Why Vaccinate Your Newborn Against Hepatitis B?

Many parents ask why they should vaccinate their newborn baby against Hepatitis B before they leave the hospital. Here are some frequently asked questions:


For more information:

Sidney Buffington

(541) 682-3937


What is Hepatitis B?

Hepatitis B is caused by a virus. It is spread the same way as HIV: through sex, blood and even birth if the mother has the virus. Hepatitis B is contagious and can cause liver damage and liver cancer later in life. It is much more contagious than HIV and Hepatitis C. Some people who have Hepatitis B can spread it even though they don't have any symptoms. There is no cure for Hepatitis B.

Why vaccinate my newborn baby?

The younger you are when you get the virus, the more likely you are to become a life-long carrier, to spread the disease yourself, and to develop liver disease as an adult. The vaccine gives your baby his or her first protection against liver disease and cancer, that is why it is important to vaccinate babies as soon as possible.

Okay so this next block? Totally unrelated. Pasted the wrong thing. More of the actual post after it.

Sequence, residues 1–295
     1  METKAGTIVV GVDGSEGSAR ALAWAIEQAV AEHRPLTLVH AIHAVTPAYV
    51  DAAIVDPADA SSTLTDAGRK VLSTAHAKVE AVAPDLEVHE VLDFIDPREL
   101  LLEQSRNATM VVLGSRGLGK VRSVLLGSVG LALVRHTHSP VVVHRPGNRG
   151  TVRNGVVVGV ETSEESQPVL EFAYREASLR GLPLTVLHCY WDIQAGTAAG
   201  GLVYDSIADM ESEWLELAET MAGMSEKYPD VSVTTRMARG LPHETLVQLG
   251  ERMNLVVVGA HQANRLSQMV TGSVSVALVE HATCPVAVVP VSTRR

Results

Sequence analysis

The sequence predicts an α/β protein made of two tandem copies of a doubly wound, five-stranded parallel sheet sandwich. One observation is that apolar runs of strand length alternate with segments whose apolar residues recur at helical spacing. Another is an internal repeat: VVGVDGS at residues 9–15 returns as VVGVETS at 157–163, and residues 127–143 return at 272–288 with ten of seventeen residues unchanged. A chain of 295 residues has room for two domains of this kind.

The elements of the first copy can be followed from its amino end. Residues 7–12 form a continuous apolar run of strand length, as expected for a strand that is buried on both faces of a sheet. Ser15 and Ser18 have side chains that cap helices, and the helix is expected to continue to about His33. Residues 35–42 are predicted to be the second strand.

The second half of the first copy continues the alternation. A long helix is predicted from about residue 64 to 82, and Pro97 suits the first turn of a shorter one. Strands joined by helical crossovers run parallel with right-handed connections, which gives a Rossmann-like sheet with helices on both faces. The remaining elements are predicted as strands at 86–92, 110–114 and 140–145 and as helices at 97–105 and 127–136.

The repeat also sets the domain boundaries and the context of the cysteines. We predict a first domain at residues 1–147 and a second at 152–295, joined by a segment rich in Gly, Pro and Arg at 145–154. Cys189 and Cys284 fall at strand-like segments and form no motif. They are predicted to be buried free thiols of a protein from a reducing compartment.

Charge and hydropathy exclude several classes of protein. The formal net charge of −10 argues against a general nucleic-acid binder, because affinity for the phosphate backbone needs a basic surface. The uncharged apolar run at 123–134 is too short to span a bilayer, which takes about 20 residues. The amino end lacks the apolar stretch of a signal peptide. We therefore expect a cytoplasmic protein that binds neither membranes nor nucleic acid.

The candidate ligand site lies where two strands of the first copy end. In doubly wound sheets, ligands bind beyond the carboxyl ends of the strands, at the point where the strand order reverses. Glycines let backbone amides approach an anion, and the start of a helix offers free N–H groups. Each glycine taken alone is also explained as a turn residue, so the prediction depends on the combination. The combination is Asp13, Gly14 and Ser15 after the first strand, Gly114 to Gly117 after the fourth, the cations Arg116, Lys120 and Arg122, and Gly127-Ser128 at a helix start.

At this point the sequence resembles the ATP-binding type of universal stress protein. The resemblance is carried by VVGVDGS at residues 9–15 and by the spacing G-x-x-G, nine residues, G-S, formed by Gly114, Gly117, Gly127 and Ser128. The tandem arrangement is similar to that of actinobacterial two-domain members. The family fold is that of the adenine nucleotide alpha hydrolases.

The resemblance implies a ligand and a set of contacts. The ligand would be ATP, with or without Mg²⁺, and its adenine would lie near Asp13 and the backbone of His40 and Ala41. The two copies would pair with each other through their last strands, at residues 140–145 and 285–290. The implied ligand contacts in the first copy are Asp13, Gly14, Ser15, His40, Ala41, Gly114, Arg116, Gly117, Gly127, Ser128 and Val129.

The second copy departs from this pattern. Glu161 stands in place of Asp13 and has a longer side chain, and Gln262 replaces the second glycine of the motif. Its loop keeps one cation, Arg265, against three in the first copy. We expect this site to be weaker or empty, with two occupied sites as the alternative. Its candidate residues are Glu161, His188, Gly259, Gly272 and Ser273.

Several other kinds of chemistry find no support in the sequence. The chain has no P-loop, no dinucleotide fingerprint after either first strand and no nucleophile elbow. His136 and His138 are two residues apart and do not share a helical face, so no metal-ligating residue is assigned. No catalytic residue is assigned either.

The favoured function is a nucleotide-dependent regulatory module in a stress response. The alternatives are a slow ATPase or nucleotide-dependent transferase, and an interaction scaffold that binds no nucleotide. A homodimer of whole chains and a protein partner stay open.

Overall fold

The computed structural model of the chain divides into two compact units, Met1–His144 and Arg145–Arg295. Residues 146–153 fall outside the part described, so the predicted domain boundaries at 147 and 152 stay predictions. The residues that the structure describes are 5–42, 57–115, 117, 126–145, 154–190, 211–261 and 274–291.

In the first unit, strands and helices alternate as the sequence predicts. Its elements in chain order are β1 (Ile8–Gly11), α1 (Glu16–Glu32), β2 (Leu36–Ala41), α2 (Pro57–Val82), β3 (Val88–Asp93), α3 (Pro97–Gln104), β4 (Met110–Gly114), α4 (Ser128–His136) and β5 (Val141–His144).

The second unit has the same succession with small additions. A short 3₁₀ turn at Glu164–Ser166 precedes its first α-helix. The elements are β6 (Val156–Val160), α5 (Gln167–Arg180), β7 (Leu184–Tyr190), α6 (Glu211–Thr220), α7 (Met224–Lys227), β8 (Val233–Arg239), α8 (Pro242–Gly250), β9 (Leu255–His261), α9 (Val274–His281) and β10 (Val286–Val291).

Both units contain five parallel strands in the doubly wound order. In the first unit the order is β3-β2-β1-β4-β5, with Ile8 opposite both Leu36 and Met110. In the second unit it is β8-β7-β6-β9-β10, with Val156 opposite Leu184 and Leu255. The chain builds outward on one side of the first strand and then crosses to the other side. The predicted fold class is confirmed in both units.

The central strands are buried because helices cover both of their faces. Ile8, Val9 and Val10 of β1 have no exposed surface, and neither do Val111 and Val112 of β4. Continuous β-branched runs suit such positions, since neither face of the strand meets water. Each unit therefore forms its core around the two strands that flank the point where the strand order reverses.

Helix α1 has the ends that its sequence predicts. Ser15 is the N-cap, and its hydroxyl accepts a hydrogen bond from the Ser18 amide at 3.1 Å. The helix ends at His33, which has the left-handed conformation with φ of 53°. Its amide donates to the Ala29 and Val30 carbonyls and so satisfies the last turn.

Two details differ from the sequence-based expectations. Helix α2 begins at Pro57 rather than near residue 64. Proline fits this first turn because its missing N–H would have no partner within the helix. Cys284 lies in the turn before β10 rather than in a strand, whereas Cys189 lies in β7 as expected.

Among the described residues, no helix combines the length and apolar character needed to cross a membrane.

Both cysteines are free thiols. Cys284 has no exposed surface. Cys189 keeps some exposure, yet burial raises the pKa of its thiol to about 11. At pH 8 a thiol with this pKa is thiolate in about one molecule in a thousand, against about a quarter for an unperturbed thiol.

A baby should be vaccinated soon after birth to protect him or her, especially if the mother or someone who cares for the baby is infected with Hepatitis B. Babies are not born with their own protection from the virus, but the vaccine can offer protection and is very effective.

Are there side effects?

The shot hurts a little bit, but not for long. There are almost no reported side effects from the vaccine.

How many shots will my baby receive?

Three. The first shot will be administered before the baby leaves the hospital or birth center. The second shot will be due at the baby's two month check-up, and the last will occur when the baby is six months old.

How can Lane County Public Health help?

Lane County Public Health offers case management for pregnant women who test positive for Hepatitis B during their pregnancy, as well as education for providers and the community about perinatal transmission of Hepatitis B.

Our case management program for pregnant women with Hepatitis B includes:
  1. Interviewing the pregnant woman to cover the importance of vaccination and disease transmission, and to identify any household and sexual partners that may need testing and/or vaccination.
  2. Notifying the hospital or birth center of an approaching delivery date of a patient with Hepatitis B, to ensure they are prepared to vaccinate the baby within 12 hours of birth.
  3. Following the child to ensure that the entire series of Hepatitis B vaccines are given and that all blood tests are completed to protect the child against the virus.